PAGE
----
"There's no success like failure," wrote Bob Dylan, "and . . . failure's no success at all." Here are 10 of the most compelling "drivers" that account for the correlation between success and excess.
1. You need to make money - and to make meaning.
"Today's generation of businesspeople is the first to face a double goal: profit and a meaningful life," says Caroline Myss, a psychologist and author of the best-selling book Anatomy of the Spirit: The Seven Stages of Power and Healing (Harmony Books, 1996). "Never before were leaders allowed to have a heart or to ask, 'Who am I?' Nobody is immune to this crisis of spiritual seeking. Business has always been the solid foundation of life. But now this rock-hard level of society is finally experiencing its own spiritual cataclysm."
2. Welcome to the United States of Anxiety.
Today there are more than 3.5 million households in the United States with a net worth of $1 million or more. Between 1983 and 1992, the number of millionaire families doubled. The stock market is skyrocketing to all-time highs; the IPO market offers the promise of instant wealth. But how long will this trend continue? Will you get yours before it all comes down?
3. If you thought climbing the career ladder was tough, try climbing without one.
The end of hierarchy has left people liberated - but also confused. "Up until the 1960s," says Myss, "the longer you were with an organization, the more respect you gained. Now experience doesn't count. To get to the next level of success, you need to make a quantum leap, which requires a burst of energy that many people just don't have."
4. The "Brand Called You" has a dark side.
Brand management is a tricky proposition. Look at what happens to brands in the marketplace: They achieve prominence and success, but they also receive criticism and suffer from mismanagement. Nike goes from being brand-management darling to being a brand problem child. How would you like that to happen to the brand called you?
5. Work is (still) alienating.
In the early 1900s, factory work was said to alienate dislocated farmers from the source - and the satisfaction - of production. Work today is perhaps no less alienating. "We have no role as workers anymore," says media consultant John B. Evans. "To be divorced from doing meaningful work, such as raising a family or participating in your community, makes you feel like an imposter."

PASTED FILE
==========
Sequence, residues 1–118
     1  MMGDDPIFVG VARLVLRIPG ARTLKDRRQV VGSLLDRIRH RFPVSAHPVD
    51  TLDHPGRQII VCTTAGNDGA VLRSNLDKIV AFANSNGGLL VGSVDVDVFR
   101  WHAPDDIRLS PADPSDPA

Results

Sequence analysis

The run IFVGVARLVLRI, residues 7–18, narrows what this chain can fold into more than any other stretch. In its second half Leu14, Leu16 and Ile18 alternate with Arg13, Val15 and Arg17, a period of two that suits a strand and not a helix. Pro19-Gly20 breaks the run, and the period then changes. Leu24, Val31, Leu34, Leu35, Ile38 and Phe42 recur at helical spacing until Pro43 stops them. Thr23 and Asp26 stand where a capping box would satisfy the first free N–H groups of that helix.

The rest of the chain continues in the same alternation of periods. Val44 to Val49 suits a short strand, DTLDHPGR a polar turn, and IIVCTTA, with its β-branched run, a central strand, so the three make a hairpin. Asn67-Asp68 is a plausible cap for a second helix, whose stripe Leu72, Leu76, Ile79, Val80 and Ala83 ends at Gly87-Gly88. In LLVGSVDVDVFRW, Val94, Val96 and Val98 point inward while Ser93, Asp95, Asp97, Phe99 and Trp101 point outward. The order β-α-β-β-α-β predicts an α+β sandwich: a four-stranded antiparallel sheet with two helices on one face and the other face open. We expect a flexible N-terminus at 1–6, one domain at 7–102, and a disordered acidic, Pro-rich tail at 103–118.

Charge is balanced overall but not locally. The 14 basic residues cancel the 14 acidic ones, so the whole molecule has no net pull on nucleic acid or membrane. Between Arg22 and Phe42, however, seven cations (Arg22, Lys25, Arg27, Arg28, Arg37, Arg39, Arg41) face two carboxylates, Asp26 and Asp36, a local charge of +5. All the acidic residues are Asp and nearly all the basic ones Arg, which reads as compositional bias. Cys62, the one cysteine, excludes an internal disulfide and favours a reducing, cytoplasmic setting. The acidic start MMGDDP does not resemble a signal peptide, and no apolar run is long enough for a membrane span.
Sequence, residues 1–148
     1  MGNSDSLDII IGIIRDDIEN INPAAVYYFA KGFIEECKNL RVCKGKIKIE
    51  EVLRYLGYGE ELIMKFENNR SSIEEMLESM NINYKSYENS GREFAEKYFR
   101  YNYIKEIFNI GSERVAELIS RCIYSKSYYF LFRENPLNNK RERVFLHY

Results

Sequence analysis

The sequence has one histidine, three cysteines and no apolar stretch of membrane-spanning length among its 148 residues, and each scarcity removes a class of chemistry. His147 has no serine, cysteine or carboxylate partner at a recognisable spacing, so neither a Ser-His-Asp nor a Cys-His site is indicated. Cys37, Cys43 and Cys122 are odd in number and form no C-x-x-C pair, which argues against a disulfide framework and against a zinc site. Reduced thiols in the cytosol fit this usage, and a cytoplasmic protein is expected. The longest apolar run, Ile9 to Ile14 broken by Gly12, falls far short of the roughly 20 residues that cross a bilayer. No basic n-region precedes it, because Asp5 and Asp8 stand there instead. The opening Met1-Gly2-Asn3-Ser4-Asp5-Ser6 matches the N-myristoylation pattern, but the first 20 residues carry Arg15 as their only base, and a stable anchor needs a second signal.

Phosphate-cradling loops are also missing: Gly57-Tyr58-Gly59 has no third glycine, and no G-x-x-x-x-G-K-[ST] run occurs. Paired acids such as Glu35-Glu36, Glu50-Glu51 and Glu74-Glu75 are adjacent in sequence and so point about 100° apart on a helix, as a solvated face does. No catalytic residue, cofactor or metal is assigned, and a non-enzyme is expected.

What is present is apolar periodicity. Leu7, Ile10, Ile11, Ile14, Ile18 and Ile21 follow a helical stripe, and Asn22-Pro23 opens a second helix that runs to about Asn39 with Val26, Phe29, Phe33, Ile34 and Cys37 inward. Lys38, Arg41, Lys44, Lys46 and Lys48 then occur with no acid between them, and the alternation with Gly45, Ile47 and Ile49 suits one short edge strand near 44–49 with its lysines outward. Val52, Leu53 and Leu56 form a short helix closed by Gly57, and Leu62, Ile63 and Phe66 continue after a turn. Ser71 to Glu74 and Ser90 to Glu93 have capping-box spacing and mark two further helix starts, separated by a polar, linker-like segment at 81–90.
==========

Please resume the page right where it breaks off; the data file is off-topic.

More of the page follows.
6. Mortality has become the new morality.
After age 30, you achieve new levels of professional success and business power. After age 30, you confront your own mortality. Feelings of high accomplishment arrive simultaneously with feelings of great loss. You control your company, you control your department, you control your territory - but ultimately, you control nothing. You confront the biggest fear in your life: the fear of your death.
7. Leadership has become dangerous to your health.
Leaders today feel trapped in a role from which they cannot escape. "People start projecting on you," says addiction-compulsion specialist Mary Bell. "Sometimes, when you go to a dinner party, the people around you are enthralled by all that you do and say. Everybody's seducible. Other times, you feel like you're invisible." Followers and leaders fall into patterns of helplessness and powerfulness - and wage a civil war through sabotage and mutual distrust.
8. Chaos - if it's out there, it's in here.
The world is changing so rapidly and so unpredictably that a product that's hot one moment will be cold 10 seconds later. At the birth of the Information Age, Marshall McLuhan made a point that's more true now than ever: If it works, it's obsolete. Fleeting success is a prescription for insecurity.
9. Your life is one extended report card.
"At the halfway point in your life, a qualified success is subjectively not much better than a gross failure," says Daniel Levinson, author of The Seasons in a Man's Life (Alfred A. Knopf, 1978). Either you've made it big or you haven't. You no longer fit into the category called "Shows promise."
10. You believe that you've sold out.
"Whether in the Harvard establishment or at the heights of American business, people feel that they've embraced authority and sold out a fundamental aspect of their own soul," says Jungian analyst Nathan Schwartz-Salant. "They feel they might have been a different person, a better person, if they had gone another route." You feel the need to justify the choices you've made - so you end up wanting to destroy not who you are but who you never became.
A version of this article appeared in the October 1998 issue of Fast Company magazine.